Wednesday, November 9, 2011

Progressive Versus Conservative Economics

Economics professor and New York Times columnist Paul Krugman took a moment to belabor the obvious yesterday in his blog:
Let me start with a puzzle: why did faith in the wonders of financial deregulation persist so long?

After all, if you step back from the record, deregulation began producing disasters from early on. Early deregulatory moves helped bring on the Latin American debt crisis of the early 1980s; Garn-St. Germain produced the savings and loan debacle; freed-up capital flows produced the Asian crisis and LTCM; and now we have the great bust. So why were Very Serious People so convinced that it was a good thing?
these are pure fantasies on the part of the right. The true age of spectacular growth in the United States and other advanced economies was the generation after World War II, with post-Reagan growth nowhere near comparable. So why do these people imagine otherwise?

And the answer, once you think about it, is obvious: growth for whom? There’s only one way in which the post-deregulation boom was exceptional, and that’s in terms of the growth in incomes at the top of the scale.

Here’s a comparison of the postwar boom with the deregulation alleged boom, using real average family income from the Census and real average income for the top 1 percent from Piketty and Saez:

If you’re looking at the average, the last generation is a poor shadow of the postwar boom. But if you’re talking about the 1 percent, wonderful things have happened.

Boom For Whom
Obvious, because in fact I've mentioned it myself once or twice. When you consider that most of the people who package and recite today's television news are included in the red bars, it's all the more reason to understand that we've been sold a bill of goods. Our economic growth since Reagan has averaged less than it did in the preceding years since the end of World War II, as the calculator at Measuring Worth helpfully shows in table form:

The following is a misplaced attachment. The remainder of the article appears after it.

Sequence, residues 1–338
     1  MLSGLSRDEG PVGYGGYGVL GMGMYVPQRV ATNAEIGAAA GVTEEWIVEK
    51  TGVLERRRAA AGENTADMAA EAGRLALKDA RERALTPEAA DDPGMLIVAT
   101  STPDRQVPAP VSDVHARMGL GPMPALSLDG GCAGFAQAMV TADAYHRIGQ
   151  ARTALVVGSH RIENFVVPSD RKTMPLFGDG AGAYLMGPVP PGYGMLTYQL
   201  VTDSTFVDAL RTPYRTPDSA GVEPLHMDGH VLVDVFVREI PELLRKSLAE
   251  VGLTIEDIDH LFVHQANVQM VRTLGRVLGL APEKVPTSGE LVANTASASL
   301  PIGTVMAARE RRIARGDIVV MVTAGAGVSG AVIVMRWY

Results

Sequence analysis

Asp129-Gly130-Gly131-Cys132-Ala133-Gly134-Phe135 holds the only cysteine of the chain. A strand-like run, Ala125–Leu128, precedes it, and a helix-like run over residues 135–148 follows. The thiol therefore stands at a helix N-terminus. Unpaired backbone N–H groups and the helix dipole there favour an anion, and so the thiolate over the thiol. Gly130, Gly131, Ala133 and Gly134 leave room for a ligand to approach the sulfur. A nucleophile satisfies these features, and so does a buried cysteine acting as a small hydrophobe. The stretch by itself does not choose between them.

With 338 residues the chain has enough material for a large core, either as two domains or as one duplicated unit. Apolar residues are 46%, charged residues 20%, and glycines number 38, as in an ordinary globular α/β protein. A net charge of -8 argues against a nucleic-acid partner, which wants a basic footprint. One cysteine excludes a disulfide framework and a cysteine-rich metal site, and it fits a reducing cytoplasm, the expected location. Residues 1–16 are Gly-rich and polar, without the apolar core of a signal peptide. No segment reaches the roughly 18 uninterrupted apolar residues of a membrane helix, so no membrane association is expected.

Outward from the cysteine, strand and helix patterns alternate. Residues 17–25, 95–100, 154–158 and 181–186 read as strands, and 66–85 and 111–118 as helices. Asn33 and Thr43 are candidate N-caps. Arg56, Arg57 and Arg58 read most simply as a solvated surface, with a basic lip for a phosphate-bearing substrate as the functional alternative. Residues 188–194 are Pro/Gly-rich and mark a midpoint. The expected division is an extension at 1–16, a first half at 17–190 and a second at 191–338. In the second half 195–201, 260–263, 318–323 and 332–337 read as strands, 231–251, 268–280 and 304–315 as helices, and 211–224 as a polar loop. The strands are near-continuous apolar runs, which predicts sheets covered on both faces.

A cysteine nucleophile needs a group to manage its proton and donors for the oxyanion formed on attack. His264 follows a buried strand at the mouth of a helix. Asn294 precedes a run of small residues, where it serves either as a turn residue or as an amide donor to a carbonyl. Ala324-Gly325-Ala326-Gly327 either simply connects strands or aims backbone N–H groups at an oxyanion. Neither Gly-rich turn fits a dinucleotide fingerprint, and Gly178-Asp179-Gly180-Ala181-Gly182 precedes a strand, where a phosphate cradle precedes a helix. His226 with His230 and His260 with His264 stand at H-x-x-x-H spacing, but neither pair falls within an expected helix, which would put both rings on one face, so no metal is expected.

1945 to 1979

1980 to 2010
Real GDP3.19%2.73%
Real GDP per capita1.76%1.68%

See NOTE 1
Not only has the general growth of the U.S. economy been slower since the conservatives took over, but, as both Krugman's chart and a whole host of other charts have shown, the income distribution has been far worse for the vast majority of Americans as well.

Why did I pick those particular periods? They roughly represent the times when first progressives, and then conservatives were in charge of the American economy. There were good times within both periods, as well as bad. We've conducted a seventy year-long experiment in the power of these two differing economic philosophies. To conclude that the conservatives did better requires a lot of mental contortions that I'd just as soon avoid.

NOTE 1: I created this chart by putting those parameters into Measuring Worth's handy annualized growth calculator page. Then I just copied and pasted the HTML source for the resulting table.

Here is the suggested credit note from that site:
Lawrence H. Officer and Samuel H. Williamson
"Annualized Growth Rate and Graphs of Various Historical Economic Series," MeasuringWorth, 2011.


No comments: